Associate Director Moritz Schaefer discusses how the BEACON project facilitates exchange on ambitious climate action between national governments, municipalities, and schools in Europe.
Q: Since the Paris Climate Agreement, climate action at the local level has become an increasingly hot topic. How is the Bridging European and Local Climate Action (BEACON) project involved in local climate action?
Schaefer: Indeed, the Paris Agreement and various city-focused initiatives have shown that non-state and local actors have a key role in limiting global warming. While the ambition and sectoral scope of national climate action differs across EU countries, much of the mitigation action takes place on the ground at the local level, often driven by cities, entrepreneurs, and scientific or educational organizations. Still, the link to national and international efforts is critical. Fostering exchange and collaboration to strengthen common ambition to realize the Paris Agreement is therefore the focus of the BEACON project, which connects the different governance levels in the spirit of enhancing European collaboration and exchange.
Q: What is Navigant’s role in the BEACON project?
Schaefer: BEACON is currently the largest project of the European Climate Initiative (EUKI), which is funded by the German Federal Ministry for the Environment. With our extensive experience in program management, Navigant was selected to lead this large-scale multinational project. Our team of dedicated energy and climate experts manages a consortium of eleven organizations in seven countries to deliver impact and align the project’s multiple work streams.
Together with our partners we support the implementation of climate action by exchanging experience in climate policies, by connecting local climate initiatives, and by raising awareness for climate protection among the youth. For example, we have provided decision-makers with studies on 22 emission reduction instruments and climate change laws in 11 EU countries and across the transport, buildings, industry, and agricultural sectors. You can download these studies from the EUKI website.
Q: The project’s goal is enhancing cross-border collaboration to boost multilevel climate action. What does the work look like on the ground?
Schaefer: Municipalities all over Europe are experiencing the effects of climate change. “Heißzeit” – hot time – was the German word of the year in 2018 and again this summer many regions suffered from droughts, fires, or heavy rainfall. Cities will need to adapt to these changing climatic conditions. At the same time, cities emit 60% of greenhouse gas emissions. Both factors make them a key stakeholder in the fight against climate change.
BEACON directly supports 34 municipalities and 57 schools, but also reaches out to policymakers and other stakeholders. Through joint learning, networking, and tailored advisory services, policymakers, municipal actors, and educators gain technical and process-related skills that help them develop, refine, and implement measures for reducing greenhouse gas emissions. By highlighting successful climate action measures and the associated benefits, we create understanding, acceptance, and support for climate protection.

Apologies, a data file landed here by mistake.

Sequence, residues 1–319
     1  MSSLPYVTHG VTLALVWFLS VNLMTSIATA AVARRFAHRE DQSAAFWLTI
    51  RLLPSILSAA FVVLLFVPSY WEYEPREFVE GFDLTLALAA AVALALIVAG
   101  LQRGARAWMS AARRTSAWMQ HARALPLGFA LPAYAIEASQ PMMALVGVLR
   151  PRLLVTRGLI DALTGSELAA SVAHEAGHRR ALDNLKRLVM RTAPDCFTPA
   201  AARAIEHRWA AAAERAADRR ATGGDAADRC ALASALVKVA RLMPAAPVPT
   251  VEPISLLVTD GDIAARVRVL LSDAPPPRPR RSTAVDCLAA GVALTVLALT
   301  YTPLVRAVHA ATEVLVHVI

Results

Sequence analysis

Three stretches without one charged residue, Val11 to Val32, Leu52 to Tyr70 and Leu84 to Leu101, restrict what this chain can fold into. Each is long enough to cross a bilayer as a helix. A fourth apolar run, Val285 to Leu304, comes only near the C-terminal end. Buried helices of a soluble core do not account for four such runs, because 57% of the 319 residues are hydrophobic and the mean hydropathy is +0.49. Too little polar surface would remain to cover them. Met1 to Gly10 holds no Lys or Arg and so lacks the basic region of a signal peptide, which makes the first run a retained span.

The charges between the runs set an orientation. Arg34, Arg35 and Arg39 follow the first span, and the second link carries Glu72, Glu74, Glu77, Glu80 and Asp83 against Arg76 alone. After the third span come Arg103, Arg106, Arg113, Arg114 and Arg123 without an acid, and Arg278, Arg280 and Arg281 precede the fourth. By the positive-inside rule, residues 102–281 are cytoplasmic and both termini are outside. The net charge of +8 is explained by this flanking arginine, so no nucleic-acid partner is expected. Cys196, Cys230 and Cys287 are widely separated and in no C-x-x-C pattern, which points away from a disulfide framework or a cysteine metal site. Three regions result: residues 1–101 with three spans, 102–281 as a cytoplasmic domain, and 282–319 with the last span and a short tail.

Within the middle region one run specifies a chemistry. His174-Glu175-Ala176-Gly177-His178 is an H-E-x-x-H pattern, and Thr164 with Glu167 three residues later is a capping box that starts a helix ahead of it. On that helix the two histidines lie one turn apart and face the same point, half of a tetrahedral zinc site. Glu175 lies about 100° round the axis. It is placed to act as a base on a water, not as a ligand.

Q: How are the different governance levels connected to one another?
Schaefer: There are numerous promising approaches and ideas available to mitigate climate change, what we call “beacons." The networking and learning approach of BEACON disseminates these concepts amongst countries and municipalities and from the local to the national and the EU levels and vice versa. For instance, municipal representatives and national decision-makers convened at a conference in Heidelberg this May to learn about their respective approaches to challenges such as energy poverty, climate financing, local energy generation, sustainable mobility, or cross-border climate policies. To address the European level, BEACON is bringing municipal representatives to Brussels to share their good practices at the EU Week of Regions and Cities this October.
Q: Much work remains to be done but have you noticed any change on the ground?
Schaefer: It is true that much work remains to be done and we still have a long way to go to reach a climate neutral society. For this reason, we designed BEACON in a way that not only our participating countries, municipalities, and schools benefit, but that outcomes are replicable, scalable, and have a lasting impact. For example, we are developing new incentive models for energy savings in schools or accessing new financing sources to sustain and expand climate action projects. In a similar vein, BEACON has supported the inclusion of climate action in national curricula in Romania.
From participating local representatives, we hear that BEACON helps break silos in their administrations and strengthens capacities and ambition for climate action. They are further encouraged and inspired by peer municipalities in the framework of cross-border climate partnerships established with the project. We also see schools reducing energy consumption through behavioral change and pupils absorbing lessons on climate change or participating in the Fridays for Future youth movement for climate action with great enthusiasm.
When talking about climate action, however, we have to start with ourselves. That’s why we choose train travel or video conference over flying and offset unavoidable emissions. We also ensure that our events have a low-carbon footprint by, for example, providing only local, sustainable, and vegetarian food options.
The project runs until March 2021 and by then we aim to realize energy savings, initiate and implement numerous climate change mitigation-related activities, and build capacity for climate action amongst a wide range of stakeholders at the national level, as well as in schools and municipalities.